Preferential Acting Non-Chlorine Oxidants

Chlor-oxygen species other than chlorine in the mixed-oxidant solution may be reacting with organic material in the water, reducing oxidant demand and eliminating some of the material that causes TTHM and HAA5 formation. These other species would be faster acting and preferentially react with components in the water before the presence of chlorine in the mixed-oxidant solution can cause an adverse effect. Since these other species would be short-lived and minute in comparison to the amount of chlorine present, they would not be sufficient to achieve total removal. Thus, the remaining organic material would react with the chlorine, producing TTHMs and HAA5, although at reduced levels. This theory is speculation and has not been proven.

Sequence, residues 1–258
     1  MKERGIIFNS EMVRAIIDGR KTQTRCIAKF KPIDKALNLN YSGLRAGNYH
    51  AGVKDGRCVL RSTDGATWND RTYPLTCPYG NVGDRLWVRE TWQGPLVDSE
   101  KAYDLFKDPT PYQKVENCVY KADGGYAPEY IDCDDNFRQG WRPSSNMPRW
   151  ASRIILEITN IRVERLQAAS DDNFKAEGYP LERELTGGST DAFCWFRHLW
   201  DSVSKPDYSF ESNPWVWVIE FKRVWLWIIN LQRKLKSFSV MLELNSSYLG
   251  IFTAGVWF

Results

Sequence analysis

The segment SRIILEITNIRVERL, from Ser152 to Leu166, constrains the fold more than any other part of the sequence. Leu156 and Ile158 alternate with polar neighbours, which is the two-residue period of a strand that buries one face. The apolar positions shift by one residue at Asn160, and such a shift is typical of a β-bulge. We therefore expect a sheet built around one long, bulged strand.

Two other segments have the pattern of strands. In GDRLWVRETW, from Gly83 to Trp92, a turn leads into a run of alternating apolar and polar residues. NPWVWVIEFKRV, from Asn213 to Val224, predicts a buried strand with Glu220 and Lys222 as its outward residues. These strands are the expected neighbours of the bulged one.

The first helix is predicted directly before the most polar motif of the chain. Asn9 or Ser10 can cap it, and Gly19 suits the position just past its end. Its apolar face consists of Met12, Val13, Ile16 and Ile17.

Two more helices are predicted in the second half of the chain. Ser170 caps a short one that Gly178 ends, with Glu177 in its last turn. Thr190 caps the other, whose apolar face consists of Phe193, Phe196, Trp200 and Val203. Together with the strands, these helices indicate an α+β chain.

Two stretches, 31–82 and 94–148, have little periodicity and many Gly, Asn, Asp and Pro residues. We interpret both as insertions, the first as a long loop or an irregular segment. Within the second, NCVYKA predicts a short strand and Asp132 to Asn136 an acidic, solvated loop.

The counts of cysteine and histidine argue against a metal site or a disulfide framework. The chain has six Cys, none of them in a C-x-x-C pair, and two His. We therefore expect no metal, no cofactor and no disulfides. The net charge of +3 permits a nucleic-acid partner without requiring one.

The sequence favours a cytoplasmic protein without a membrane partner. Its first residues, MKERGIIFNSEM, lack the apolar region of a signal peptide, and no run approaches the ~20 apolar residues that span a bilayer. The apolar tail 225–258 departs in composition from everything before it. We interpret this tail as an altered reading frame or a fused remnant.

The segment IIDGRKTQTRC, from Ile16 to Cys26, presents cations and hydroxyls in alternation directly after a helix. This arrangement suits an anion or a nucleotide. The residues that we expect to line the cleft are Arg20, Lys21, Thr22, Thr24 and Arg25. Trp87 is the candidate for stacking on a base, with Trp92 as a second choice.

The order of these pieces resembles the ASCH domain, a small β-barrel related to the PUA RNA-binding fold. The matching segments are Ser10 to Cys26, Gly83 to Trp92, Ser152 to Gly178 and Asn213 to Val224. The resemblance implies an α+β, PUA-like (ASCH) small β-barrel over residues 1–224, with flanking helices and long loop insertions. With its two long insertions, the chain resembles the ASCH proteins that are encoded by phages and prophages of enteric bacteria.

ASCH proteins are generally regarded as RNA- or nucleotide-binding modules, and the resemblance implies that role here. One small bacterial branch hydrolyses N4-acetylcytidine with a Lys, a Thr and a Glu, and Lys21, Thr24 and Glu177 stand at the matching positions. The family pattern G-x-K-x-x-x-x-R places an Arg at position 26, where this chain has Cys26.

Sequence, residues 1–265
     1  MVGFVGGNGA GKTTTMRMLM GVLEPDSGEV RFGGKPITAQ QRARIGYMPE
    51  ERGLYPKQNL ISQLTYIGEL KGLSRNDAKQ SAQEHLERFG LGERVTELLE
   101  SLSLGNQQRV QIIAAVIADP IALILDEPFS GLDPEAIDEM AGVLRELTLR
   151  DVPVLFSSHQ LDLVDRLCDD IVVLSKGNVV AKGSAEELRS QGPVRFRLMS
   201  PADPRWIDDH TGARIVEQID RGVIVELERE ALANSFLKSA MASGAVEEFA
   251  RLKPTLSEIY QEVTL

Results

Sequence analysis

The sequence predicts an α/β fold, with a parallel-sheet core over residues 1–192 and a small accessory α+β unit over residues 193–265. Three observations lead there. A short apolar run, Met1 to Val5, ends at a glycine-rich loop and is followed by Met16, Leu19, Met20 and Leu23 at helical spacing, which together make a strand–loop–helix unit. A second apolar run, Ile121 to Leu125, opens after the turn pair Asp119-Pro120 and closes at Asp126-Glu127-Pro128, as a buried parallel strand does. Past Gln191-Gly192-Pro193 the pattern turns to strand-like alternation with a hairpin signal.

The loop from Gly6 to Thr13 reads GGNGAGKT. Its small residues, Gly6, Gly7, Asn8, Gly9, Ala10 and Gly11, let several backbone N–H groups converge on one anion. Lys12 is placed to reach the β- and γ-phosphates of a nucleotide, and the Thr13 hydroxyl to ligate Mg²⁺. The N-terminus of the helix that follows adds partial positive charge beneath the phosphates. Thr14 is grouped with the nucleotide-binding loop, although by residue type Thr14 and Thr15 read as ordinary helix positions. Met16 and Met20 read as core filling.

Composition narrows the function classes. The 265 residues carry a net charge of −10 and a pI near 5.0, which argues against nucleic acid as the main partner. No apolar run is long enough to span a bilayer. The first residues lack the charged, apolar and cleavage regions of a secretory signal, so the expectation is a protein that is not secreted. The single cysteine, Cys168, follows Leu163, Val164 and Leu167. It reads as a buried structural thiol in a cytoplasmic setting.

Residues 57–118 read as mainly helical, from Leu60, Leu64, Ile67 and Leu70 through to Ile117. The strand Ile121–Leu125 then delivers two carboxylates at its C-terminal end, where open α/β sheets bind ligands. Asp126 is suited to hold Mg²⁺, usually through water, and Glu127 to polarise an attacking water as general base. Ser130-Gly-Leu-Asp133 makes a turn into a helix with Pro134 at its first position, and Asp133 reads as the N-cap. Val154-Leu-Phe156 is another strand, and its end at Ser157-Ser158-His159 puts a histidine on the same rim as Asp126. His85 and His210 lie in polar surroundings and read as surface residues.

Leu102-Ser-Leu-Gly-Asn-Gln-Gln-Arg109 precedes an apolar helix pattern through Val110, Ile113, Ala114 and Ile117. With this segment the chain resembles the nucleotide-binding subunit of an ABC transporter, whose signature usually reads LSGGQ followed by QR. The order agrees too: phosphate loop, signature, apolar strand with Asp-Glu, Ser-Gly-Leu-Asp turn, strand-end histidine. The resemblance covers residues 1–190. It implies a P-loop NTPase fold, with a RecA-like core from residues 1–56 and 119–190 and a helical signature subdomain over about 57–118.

Biofilm Elimination

Much anecdotal evidence exists on the ability of mixed oxidants to clean biofilm and algae from distribution system and clarifiers. Biogrowth that was able to survive with chlorine as a disinfectant is typically eliminated shortly after conversion to mixed oxidants. When a mixed-oxidant generator is first installed, flushing of the distribution system may be required to remove detached biosolids until the system has stabilized. The stabilization process usually takes one to two months, and then the lines remain free of biofilm or algae as long as mixed oxidants are used.

Microflocculation Effects Using Mixed Oxidants
Click here to enlarge image

The ultimate effect is that reduced biogrowth lessens organic material that can react with chlorine, thus reducing DBP formation. Elimination of biofilms in distribution lines would mean that DBP levels in distribution would not be substantially higher than levels seen at the treatment plant. Data from a study done by H.R. Green Engineers demonstrates this effect.